Why do chillies do to the body to make us hot and sweat?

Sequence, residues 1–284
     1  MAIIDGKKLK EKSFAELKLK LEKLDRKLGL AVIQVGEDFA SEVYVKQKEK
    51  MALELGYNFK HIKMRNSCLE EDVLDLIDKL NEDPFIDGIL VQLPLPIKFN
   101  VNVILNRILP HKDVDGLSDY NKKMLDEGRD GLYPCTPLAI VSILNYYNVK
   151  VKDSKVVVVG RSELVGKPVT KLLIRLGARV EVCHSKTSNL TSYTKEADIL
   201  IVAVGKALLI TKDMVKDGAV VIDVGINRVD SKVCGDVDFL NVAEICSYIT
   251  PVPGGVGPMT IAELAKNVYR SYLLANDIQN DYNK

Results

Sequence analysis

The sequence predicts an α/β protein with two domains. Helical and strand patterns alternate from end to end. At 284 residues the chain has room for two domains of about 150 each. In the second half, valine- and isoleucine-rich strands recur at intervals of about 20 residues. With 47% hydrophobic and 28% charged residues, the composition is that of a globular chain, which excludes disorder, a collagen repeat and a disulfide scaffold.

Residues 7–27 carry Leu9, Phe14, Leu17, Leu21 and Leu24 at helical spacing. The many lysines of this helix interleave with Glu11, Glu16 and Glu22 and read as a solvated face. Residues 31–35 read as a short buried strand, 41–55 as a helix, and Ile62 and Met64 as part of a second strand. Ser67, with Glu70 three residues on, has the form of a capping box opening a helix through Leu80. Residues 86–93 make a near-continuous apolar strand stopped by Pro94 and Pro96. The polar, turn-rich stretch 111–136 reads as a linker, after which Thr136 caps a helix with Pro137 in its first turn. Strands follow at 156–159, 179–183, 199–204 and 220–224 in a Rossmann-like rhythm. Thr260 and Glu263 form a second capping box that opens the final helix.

Chilli peppers contain a compound called capsaicin, which is responsible for the hot and spicy sensation when consumed. Capsaicin stimulates the heat and pain receptors (nociceptors) in our mouths and on our skin, creating the perception of heat or burning. When we eat spicy foods containing capsaicin, our bodies respond to the perceived heat by initiating a cooling response, which is why we may start to sweat. Sweating is a natural process our bodies use to regulate temperature. As the sweat evaporates from our skin, it helps to dissipate the heat and cool us down. Additionally, the consumption of capsaicin triggers the release of endorphins, the body's natural painkillers. Endorphins create a feeling of pleasure or mild euphoria, which is one reason why some people enjoy eating spicy foods despite the initial discomfort. It is important to note that the heat sensation experienced when consuming chilli peppers is a perceived sensation and not actual physical heat. Capsaicin does not cause actual tissue damage unless consumed in extremely large quantities or if it comes into contact with sensitive areas, such as the eyes.

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